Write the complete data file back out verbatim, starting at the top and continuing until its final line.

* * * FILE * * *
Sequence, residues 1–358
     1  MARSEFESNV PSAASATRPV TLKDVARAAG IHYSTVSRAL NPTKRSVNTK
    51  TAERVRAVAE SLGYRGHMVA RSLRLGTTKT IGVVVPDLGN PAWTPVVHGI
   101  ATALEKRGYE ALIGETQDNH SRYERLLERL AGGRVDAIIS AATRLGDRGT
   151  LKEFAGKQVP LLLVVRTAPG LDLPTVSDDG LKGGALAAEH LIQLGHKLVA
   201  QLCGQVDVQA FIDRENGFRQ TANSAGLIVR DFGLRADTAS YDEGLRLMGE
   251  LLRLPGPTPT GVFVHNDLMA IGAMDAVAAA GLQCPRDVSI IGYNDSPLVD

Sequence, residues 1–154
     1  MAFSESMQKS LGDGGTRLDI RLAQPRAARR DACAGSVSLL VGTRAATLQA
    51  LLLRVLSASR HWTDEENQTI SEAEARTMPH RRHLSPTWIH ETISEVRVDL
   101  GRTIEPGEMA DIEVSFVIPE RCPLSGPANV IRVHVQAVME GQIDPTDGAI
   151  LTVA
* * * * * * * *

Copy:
Sequence, residues 1–358
     1  MARSEFESNV PSAASATRPV TLKDVARAAG IHYSTVSRAL NPTKRSVNTK
    51  TAERVRAVAE SLGYRGHMVA RSLRLGTTKT IGVVVPDLGN PAWTPVVHGI
   101  ATALEKRGYE ALIGETQDNH SRYERLLERL AGGRVDAIIS AATRLGDRGT
   151  LKEFAGKQVP LLLVVRTAPG LDLPTVSDDG LKGGALAAEH LIQLGHKLVA
   201  QLCGQVDVQA FIDRENGFRQ TANSAGLIVR DFGLRADTAS YDEGLRLMGE
   251  LLRLPGPTPT GVFVHNDLMA IGAMDAVAAA GLQCPRDVSI IGYNDSPLVD

Sequence, residues 1–154
     1  MAFSESMQKS LGDGGTRLDI RLAQPRAARR DACAGSVSLL VGTRAATLQA
    51  LLLRVLSASR HWTDEENQTI SEAEARTMPH RRHLSPTWIH ETISEVRVDL
   101  GRTIEPGEMA DIEVSFVIPE RCPLSGPANV IRVHVQAVME GQIDPTDGAI
   151  LTVA